This page lists my genuinely Swedish favorites that can give you a taste of Sweden. A lot is being said online about what’s truly Swedish. Not all of it is accurate, sadly. But these items are Swede approved.
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Swedish Fika Essentials
We Swedes love our fika, a break for snacks and your favorite beverage.
A hundred years ago, a proper fika would include seven different types of cookies, cakes and pastry not included.
The word fika is word play on kaffe, Swedish for coffee. But if you’re into something else, I won’t tell anyone.
Pepparkakor are Swedish ginger snaps. They are essential for any type of Christmas snack, but Swedes have them for fika year round. Make sure to get the right brand for the perfect flavor. The Swedish Royal Court and I both use Anna’s ginger thins.
Wait, this doesn’t look like a bun? To taste the real Swedish cinnamon rolls, you may have to get a little creative and bake them yourself. It’s easy though.
Swedish cinnamon rolls are topped with pearl sugar. Nothing else will do. Lars’ Own Swedish Pearl Sugar is the real deal and it comes with a genuine recipe on the back.
Check out the directions by Fredriks Fika on Youtube for a different shape of bun.
A few of those seven cookies will be buttery shortbread cookies. The Danish Butter Cookies are close enough to the Swedish version.
You may have heard of the Swedish meatballs. Is there more to the Swedish cuisine? Here’s are some of the Swedish classics that you can try.
My simple meatballs: Roll ground beef mixed with salt and pepper into balls 2 cm/ 0.75″ in diameter or smaller, saute in butter on medium-high heat making sure to brown on all sides, lower the heat and cover with a lid to cook through, remove meatballs from skillet and add cream to make the gravy, cook for a few minutes, add salt and pepper to taste.
This tart berry is a super food and a staple in Swedish homes. By tradition, Swedes have been allowed to pick berries in all forests, regardless of who owned it. Lingonberries are abound in Swedish forests. Other fruits and berries are gaining popularity for deserts. But lingonberries are still served with many meals, including meatballs and fish. Felix is a popular brand in Sweden for lingonberry preserves.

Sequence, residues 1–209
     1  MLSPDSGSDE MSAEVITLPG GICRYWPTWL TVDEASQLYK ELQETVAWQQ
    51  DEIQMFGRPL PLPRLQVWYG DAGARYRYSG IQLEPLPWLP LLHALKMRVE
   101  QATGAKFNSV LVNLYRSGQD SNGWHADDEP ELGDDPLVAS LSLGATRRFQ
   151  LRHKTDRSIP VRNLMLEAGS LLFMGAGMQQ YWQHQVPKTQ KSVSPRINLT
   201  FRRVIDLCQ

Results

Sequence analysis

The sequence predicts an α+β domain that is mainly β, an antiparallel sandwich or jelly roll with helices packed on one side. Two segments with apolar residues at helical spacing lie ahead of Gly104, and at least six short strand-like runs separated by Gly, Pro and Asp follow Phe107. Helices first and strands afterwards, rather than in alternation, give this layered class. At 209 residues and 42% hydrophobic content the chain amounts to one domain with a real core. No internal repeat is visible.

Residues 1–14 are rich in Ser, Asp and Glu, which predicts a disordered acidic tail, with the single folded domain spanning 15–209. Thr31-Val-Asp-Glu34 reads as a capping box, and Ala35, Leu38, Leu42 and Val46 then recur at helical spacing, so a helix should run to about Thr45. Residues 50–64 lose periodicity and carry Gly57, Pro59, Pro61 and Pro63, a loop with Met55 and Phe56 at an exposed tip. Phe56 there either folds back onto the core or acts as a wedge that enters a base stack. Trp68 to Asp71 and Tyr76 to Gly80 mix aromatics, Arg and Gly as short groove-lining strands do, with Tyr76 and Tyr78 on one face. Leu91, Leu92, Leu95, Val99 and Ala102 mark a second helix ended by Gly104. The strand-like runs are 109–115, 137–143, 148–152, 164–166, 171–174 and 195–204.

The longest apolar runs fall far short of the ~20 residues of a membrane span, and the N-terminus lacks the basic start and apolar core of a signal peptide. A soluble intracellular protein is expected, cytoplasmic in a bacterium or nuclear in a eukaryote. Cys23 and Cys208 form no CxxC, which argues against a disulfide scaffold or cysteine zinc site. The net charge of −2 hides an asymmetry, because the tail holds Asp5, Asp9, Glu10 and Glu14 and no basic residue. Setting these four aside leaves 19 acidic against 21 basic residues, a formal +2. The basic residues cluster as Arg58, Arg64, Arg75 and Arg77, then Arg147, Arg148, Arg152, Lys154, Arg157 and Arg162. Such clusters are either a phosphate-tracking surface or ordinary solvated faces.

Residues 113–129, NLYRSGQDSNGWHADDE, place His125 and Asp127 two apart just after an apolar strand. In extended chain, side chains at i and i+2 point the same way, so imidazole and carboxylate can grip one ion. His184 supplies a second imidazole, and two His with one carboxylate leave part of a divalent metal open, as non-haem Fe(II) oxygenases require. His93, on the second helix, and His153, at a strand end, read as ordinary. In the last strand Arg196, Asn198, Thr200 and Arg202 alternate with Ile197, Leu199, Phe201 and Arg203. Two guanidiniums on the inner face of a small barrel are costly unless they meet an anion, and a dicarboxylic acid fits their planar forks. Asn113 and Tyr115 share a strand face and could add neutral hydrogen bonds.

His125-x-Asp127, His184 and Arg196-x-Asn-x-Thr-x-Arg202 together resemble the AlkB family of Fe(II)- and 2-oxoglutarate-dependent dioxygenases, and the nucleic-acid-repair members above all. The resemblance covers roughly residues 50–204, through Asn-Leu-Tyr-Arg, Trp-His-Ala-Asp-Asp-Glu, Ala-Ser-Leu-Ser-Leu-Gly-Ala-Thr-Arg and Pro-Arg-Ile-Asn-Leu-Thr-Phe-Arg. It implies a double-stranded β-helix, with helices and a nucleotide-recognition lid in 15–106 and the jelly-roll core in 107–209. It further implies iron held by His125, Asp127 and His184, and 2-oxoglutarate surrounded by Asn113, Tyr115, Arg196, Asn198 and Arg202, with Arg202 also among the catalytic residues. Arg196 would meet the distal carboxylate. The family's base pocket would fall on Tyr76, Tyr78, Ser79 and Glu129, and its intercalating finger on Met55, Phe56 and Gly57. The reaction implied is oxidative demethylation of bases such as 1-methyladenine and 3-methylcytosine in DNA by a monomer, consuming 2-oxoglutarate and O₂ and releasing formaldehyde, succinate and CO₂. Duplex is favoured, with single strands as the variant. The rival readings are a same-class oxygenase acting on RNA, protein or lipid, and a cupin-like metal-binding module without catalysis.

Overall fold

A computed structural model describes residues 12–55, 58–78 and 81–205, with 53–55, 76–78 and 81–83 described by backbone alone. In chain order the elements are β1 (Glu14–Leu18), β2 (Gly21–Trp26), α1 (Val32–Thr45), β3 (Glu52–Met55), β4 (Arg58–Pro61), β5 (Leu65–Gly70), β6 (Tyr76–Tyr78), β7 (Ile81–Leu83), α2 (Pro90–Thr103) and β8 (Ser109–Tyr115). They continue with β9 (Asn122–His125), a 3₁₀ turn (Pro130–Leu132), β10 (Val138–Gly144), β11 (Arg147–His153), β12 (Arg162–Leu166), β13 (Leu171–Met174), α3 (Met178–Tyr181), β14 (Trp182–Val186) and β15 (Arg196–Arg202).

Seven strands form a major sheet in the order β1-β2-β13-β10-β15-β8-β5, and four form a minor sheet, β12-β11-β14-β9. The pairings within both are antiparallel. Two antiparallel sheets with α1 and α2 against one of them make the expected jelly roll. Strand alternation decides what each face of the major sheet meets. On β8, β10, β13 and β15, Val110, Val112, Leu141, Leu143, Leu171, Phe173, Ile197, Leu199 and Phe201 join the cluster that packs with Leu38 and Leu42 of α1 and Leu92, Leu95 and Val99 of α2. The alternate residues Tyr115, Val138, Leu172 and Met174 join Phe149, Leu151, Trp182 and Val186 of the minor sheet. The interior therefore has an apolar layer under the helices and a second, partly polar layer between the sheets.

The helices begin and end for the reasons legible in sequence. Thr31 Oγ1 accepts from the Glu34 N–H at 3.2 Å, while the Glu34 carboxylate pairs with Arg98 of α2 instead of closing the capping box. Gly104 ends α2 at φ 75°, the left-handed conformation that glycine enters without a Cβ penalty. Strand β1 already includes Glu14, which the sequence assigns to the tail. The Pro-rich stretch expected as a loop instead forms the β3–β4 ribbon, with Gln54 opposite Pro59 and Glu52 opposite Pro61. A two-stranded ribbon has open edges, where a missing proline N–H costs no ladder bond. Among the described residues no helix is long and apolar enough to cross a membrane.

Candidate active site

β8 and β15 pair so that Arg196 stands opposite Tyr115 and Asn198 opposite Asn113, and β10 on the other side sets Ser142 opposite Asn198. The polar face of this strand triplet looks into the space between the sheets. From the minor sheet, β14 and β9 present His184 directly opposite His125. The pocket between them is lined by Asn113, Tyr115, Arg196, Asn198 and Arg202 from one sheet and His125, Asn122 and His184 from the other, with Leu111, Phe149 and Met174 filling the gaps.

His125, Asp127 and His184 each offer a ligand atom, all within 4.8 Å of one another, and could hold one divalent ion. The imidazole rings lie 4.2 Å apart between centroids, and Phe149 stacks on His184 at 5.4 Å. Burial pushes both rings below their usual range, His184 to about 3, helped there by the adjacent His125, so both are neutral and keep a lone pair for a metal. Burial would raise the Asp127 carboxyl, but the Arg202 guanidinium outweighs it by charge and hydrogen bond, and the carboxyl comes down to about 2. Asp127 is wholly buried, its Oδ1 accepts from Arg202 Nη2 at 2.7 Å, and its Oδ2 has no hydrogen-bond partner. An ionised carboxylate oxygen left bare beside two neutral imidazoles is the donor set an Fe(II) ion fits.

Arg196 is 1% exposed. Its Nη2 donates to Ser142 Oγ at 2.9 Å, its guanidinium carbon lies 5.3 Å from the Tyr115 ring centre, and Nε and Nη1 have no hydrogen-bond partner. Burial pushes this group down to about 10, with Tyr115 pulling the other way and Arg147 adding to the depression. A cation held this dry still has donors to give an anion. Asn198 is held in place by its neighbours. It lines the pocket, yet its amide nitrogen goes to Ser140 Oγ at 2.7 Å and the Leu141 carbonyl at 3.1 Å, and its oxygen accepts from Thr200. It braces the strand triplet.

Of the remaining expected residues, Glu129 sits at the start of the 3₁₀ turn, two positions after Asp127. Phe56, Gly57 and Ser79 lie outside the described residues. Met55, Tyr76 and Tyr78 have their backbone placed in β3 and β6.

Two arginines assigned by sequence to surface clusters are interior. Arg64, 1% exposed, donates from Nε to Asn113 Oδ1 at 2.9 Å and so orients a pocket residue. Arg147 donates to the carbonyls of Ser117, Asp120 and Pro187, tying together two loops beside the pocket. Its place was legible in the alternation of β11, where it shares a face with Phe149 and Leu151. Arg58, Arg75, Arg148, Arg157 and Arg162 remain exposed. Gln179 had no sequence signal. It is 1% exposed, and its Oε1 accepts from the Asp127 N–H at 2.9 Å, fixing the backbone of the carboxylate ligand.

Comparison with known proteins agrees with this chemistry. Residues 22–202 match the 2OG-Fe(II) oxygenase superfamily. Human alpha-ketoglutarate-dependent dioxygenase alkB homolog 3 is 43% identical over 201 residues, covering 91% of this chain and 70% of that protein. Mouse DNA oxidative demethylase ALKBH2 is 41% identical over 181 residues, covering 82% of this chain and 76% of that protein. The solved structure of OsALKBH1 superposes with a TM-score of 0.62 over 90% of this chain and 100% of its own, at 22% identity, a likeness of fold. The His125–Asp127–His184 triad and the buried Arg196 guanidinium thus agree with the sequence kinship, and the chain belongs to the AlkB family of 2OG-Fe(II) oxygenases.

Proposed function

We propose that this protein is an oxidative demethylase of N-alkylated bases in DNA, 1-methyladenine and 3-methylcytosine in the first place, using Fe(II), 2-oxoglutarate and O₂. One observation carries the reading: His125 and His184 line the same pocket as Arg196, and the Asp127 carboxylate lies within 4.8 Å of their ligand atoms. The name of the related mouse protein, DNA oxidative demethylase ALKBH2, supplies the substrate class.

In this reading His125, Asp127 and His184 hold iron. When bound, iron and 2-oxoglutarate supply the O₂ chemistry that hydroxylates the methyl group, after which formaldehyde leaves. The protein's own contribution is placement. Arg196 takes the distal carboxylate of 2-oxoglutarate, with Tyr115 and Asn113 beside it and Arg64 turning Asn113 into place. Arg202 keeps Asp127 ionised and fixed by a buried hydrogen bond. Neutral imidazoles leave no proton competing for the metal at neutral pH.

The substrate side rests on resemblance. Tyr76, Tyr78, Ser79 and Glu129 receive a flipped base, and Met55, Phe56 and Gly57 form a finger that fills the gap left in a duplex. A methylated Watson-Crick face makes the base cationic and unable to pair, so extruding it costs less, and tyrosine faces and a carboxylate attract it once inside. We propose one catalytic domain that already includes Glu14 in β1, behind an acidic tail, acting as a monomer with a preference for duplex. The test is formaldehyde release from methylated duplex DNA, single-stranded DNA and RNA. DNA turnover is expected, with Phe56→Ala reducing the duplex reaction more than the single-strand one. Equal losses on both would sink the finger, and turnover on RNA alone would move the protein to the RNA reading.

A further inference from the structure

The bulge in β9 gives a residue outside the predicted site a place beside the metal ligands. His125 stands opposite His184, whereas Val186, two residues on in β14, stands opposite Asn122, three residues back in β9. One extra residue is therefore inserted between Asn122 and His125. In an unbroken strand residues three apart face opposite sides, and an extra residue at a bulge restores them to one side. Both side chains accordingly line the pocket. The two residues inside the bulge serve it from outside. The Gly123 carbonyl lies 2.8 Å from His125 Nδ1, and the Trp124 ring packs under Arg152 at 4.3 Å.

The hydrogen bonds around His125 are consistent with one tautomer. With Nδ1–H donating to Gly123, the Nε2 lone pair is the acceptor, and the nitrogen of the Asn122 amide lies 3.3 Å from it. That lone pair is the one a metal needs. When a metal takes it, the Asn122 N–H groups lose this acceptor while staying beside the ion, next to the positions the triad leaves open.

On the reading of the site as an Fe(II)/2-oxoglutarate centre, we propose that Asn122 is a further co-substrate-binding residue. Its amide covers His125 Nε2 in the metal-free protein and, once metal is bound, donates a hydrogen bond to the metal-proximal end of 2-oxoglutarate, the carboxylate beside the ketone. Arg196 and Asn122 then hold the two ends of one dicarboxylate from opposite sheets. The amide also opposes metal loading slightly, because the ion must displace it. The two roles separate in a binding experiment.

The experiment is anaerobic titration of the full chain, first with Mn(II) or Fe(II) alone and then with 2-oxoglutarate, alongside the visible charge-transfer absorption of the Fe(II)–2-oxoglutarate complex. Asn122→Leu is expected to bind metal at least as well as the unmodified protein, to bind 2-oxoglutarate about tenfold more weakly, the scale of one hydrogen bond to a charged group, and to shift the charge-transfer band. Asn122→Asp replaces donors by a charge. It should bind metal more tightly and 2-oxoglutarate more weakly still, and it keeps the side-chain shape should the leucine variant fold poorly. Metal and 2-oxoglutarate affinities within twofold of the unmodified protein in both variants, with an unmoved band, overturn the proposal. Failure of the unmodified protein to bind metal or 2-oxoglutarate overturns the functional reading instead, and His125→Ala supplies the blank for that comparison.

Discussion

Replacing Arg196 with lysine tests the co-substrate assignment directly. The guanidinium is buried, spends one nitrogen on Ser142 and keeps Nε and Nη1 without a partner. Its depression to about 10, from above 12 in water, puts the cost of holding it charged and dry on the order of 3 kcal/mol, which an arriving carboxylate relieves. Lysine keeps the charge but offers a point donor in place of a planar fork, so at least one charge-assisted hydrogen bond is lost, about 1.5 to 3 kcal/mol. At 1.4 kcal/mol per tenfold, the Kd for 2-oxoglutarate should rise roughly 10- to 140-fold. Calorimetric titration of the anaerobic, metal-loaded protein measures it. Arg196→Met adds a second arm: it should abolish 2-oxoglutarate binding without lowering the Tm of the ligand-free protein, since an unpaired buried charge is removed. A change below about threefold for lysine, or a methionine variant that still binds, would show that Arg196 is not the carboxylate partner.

Gooseberries are a Swedish classic. They are best eaten sun warm from the bush in July. But on other days gooseberry jam is a good substitute.
Sill – Pickled herring
All Swedish holidays are celebrated with pickled herring. To be perfectly honest, it’s not for me. But most Swedes love it. This Senapssil herring in mustard sauce is a great choice, if you want to give it a try.
Swedish Fiction for Family Historians
I’m a firm believer in looking at data to understand the world. That includes the world our ancestors lived in. But some things are hard to capture in charts and tables. Fiction is a great tool for understanding how our Swedish ancestors lived their lives, how they talked and what they saw.
The Emperor of Portugallia by Selma Lagerlöf
Taking place in 1860 or 1870, The Emperor of Portugallia follows crofter Jan in Skrolycka. Like so many others, his beloved daughter moves to the city for work at age 18. Jan in Skrolycka is convinced that his daughter will have great success in Stockholm. With every sign that her fate is less fortunate, his belief grows stronger.
The Saga of Gösta Berling by Selma Lagerlöf
Lagerlöf’s debut from 1891 was The Saga of Gösta Berling. Gösta Berling is a priest in Värmland in the 1820s. But this man is not the archetype of a priest. He is an alcoholic and makes a pact with the devil. The book describes the rural forest landscape of Värmland, the vanity of the socialite, and the hardship they all shared. Like in most of Lagerlöf’s work, there’s a hint of magic. If you want to read only one book, pick this one.
The Way of a Serpent by Torgny Lindgren
The way of a Serpent is the tragic tale of the family of Jani, born 1849 in Västerbotten. It’s about poverty and evil. While the plot is uncomfortable, the writing is witty and it describes the region in northern Sweden well.
The People of Hemsö by August Strindberg
The People of Hemsö from 1887 plays out on the fictional island Hemsö in the Stockholm archipelago. If you’re familiar with Strindberg, this one is easier than most of his work. The widowed Mrs. Flod hires Carlsson from the city to run her farm and controversy ensues. An island Strindberg used to visit was the inspiration for Hemsö. The islanders didn’t appreciate the portrayal. But with some distance to the moral of the story, this book gives an insight to the life on the islands.
Emil of Lönneberga by Astrid Lindgren
This is a series of twelve children’s books that follows the boy Emil from the village Lönneberga, Småland. Emil is something of a pseudonym for Lindgren’s father and is always up to mischeif. The books play out in the Swedish countryside around 1899-1911. Many holidays, legendary creatures, and foods are described throughout the books.
I’m Swedish genealogist Annika Höstmad. These are some of my favorite genuinely Swedish things to give you a taste of Sweden.